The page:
Why Kesha Is So Dedicated To Helping "Outcasts" Feel Hopeful
Music is therapeutic for listeners and artists alike. And a sense of empathy and through impactful lyrics can form lasting connections between singers and their fans if they're made to feel seen and heard. Pop singer Kesha wrote an essay about her new song "Hymn" for Mic in which she details how the song is meant to inspire and uplift those who feel like "outcasts" in society, and why doing so is so important to her.
"I think that one of the reasons why my music connects with people who feel like they don’t fit in is because I have never fit in either — this is why the song 'Hymn' is so special to me. The longer title was 'Hymn for the Hymnless.' And when I say 'hymnless,' I’m talking about people who feel like they don’t fit in, people who feel like they don’t have a hymn."
Although Kesha goes on to say, "I hope this is one of those songs that will find and connect with people who feel like outcasts," the lyrics speak for themselves. She sings,
"If we die before we wake, who we are is no mistake/ This is just the way we're made/ You know what I mean, you on the team."
Kesha's use of the word "we" is significant in that despite all of her success, she still counts herself among the "hymnless." She wrote in her essay, "It’s a hopeful song about all of these people — which I consider myself one of — and the power that we all have when we all come together."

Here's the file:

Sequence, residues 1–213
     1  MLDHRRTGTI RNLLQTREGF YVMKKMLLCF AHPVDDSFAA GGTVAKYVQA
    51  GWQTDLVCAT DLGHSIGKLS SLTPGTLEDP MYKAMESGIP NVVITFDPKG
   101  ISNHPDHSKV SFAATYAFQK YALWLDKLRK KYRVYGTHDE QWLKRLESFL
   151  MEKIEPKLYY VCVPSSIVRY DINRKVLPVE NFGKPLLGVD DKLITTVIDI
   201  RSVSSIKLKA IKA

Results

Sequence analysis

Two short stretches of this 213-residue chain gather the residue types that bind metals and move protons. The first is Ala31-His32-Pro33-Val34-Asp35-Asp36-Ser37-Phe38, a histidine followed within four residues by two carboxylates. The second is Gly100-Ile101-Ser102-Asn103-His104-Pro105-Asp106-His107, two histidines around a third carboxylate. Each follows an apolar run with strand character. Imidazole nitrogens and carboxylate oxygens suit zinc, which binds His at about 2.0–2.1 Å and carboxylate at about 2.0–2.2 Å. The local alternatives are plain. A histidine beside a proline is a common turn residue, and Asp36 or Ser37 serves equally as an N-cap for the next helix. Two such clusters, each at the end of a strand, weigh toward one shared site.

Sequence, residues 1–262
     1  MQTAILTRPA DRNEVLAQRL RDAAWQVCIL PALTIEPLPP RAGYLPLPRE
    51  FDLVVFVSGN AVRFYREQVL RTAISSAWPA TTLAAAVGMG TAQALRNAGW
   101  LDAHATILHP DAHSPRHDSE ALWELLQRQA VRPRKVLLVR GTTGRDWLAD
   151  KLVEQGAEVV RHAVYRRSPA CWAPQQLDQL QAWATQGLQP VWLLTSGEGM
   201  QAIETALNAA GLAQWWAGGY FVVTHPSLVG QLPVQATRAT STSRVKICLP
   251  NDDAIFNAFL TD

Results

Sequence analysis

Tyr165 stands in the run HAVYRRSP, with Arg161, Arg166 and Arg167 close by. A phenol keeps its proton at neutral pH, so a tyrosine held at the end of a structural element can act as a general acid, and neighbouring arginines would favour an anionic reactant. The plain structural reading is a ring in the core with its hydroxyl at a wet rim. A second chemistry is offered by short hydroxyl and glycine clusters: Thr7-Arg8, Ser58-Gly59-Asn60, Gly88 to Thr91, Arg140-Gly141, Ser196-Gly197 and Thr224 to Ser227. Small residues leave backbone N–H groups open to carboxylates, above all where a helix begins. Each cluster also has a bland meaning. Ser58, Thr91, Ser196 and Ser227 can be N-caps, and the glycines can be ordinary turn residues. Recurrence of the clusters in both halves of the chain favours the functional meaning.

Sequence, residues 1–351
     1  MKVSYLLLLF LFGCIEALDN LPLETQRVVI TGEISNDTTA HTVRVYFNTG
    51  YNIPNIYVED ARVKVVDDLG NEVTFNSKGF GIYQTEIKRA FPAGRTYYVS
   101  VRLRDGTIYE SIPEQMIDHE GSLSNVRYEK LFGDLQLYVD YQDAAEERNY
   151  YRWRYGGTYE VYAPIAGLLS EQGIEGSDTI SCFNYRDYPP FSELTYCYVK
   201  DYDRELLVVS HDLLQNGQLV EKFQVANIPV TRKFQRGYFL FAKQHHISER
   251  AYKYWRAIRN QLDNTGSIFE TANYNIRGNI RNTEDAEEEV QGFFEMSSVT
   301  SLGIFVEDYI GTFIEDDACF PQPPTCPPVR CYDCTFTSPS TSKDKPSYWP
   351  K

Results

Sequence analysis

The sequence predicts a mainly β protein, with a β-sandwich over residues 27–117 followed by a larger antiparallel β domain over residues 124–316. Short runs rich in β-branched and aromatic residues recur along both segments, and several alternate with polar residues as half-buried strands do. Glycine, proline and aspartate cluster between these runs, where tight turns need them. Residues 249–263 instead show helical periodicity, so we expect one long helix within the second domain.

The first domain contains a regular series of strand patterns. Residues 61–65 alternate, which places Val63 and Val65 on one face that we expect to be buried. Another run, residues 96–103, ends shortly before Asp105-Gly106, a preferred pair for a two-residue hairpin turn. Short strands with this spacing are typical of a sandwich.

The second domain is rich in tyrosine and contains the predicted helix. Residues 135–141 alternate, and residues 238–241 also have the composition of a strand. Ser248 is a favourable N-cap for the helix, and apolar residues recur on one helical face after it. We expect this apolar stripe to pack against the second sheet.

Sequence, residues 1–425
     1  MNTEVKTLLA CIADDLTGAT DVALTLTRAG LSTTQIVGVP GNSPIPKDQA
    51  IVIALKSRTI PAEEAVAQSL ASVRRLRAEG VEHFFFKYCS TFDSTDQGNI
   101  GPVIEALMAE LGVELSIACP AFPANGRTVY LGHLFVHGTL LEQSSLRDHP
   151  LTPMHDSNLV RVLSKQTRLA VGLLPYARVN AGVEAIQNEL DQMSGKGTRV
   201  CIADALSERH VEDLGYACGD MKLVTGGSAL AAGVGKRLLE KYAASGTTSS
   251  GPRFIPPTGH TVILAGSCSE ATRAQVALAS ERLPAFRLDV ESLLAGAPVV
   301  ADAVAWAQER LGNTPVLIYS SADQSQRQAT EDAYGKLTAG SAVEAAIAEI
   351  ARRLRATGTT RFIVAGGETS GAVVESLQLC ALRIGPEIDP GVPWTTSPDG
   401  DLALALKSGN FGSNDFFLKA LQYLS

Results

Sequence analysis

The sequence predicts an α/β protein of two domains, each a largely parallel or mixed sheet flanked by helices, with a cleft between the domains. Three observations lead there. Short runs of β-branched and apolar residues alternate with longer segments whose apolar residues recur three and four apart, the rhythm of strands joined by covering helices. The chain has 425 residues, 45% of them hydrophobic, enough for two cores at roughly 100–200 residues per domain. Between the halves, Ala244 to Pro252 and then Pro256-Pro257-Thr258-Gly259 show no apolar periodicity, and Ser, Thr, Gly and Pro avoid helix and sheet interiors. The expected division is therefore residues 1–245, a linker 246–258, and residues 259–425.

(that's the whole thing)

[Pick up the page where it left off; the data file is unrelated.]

Kesha knows too well what it's like to be seen as different. The singer burst on the music scene in 2009 covered in glitter, dancing with unicorns, and sporting wild hair and multicolored ensembles. Seemingly undeterred by the classic looks and sounds of fellow pop singers like Britney Spears and Christina Aguilera who crooned about love, Kesha just wanted everyone to party.
Yet, even while enduring an arduous legal dispute with her former producer Dr. Luke (Kesha claims Dr. Luke raped her and has tried to get out of her record contract; Dr. Luke has adamantly denied this claim and sued her for defamation), the "We R Who We R" singer has said she has become more of her true self in recent years. She dropped the dollar sign in her name and has said her new album is her most personal.
As Kesha wrote in her essay, learning that her music helped fans during their darkest hours impelled her to not only sing again, but also keep others hopeful. "This is hard for me to comprehend, and for as long as I live, no other honor will ever match that. Hearing those words from fans has changed me."
As Kesha continues to evolve as an artist, she has not lost her will to dream. Songs such as "Hymn" are a celebration of being different and loving yourself regardless of how others view you. That message of self-acceptance, hope, and love is what her music is all about.